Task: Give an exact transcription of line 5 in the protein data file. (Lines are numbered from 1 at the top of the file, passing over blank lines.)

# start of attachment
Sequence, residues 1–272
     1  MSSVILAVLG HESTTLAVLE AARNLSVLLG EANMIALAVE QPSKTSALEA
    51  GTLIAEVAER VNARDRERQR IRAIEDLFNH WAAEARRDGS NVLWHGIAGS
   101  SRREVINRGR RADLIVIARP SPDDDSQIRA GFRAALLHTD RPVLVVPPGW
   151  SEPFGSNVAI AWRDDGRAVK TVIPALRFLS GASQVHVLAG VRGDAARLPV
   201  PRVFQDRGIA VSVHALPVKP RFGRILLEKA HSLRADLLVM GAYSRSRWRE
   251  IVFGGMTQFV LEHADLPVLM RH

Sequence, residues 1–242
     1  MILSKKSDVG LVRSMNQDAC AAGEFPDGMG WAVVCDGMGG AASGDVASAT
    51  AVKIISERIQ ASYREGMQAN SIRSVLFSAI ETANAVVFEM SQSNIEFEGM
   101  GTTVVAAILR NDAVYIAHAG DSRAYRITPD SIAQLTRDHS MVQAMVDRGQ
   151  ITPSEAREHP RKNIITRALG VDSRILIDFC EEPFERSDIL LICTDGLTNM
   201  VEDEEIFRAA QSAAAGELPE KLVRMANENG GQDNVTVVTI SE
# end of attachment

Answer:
   151  SEPFGSNVAI AWRDDGRAVK TVIPALRFLS GASQVHVLAG VRGDAARLPV